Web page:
One of the advantages of thinking about a blog site for a long time before actually starting one is that you build up a surplus of good items that you can pluck out at the appropriate time. Such a one is this very interesting story from 2Blowhards, which I'd been saving since September, on the gentrification of urban neighborhoods.
As a political science major, I'd been introduced to different concepts of urban renewal, but it wasn't the poli sci version that intrigued me; my interest was much more of a popular one, a combination of a fascination with architechture from the 20s to the 50s (the 1939 New York World's Fair, for example, or the magnificant WPA-era buildings of the Minnesota State Fair Grounds) and the growing nostalgia that grips you once you realize you're starting to use the phrase "the good old days" a little too often.
I became much more intrigued watching the final three episodes of Ric Burns' remarkable New York documentary. I knew of Robert Moses, of course, from reading about the '39 Fair (and I'll echo Lileks here in that I've got to read Robert Caro's bio of Moses one of these days); but I'd never heard of Jane Jacobs before, and I found the documentary's story of her battle to save her Greenwich Village neighborhood from the wrecking ball a fascinating one. Even more interesting (and heartbreaking) was watching the destruction of historic buildings (the original Penn Station) and the demolition of old neighborhoods.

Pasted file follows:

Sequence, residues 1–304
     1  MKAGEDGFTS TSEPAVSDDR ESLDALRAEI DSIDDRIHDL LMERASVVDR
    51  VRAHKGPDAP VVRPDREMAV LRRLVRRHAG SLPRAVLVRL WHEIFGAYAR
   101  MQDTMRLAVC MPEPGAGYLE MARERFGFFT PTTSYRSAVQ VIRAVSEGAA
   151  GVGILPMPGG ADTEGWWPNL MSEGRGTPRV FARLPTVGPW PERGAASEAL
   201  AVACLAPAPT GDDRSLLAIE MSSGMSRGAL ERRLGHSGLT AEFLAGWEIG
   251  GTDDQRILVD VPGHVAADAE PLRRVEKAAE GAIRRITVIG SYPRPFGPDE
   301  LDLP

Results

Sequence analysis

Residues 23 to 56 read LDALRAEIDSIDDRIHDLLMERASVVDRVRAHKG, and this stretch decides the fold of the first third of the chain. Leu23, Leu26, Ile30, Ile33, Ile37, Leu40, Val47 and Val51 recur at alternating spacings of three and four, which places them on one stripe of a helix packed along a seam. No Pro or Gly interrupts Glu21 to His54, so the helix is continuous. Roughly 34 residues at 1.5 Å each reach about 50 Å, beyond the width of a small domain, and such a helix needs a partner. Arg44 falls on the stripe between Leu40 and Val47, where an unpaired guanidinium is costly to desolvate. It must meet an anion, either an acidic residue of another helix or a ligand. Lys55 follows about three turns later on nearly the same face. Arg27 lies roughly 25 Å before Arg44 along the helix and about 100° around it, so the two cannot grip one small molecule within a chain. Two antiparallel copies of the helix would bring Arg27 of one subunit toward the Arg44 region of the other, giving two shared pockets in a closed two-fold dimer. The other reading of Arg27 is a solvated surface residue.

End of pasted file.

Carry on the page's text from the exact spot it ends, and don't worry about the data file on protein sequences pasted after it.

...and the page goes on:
Since then I've become much more interested in the impact centralized planning (such as the construction of massive freeways) has had on the character of our neighborhoods, and I've tried to incorporate it into a more broad, holistic view of culture in general. In particular, I'd recommend a very provocative book, The Slaughter of Cities, that argues "the breakdown of the [Catholic] Church in modern America had its origins in government-directed social policies of the 1930s, 1940s, and 1950s." Read it and see what you think.
I was reminded of all this by this story in yesterday's Star Tribune, in which our liberal daily makes the shocking admission that gentrification of downtown neighborhoods may not be all bad. Granted, you have to wade through some standard liberal boilerplate to get to it, but I particularly enjoy this quote from Steven Belmont, the Minneapolis author of an American Planning Association volume called "Cities in Full," who says, "We have got to stop thinking of any part of the metropolis as the exclusive domain of the poor."
Well, I realize I've prattled on about this a little too long. Trust me, the subject is more interesting than I've made it. Just click on the links, and you'll find out these people say it a lot better than I do.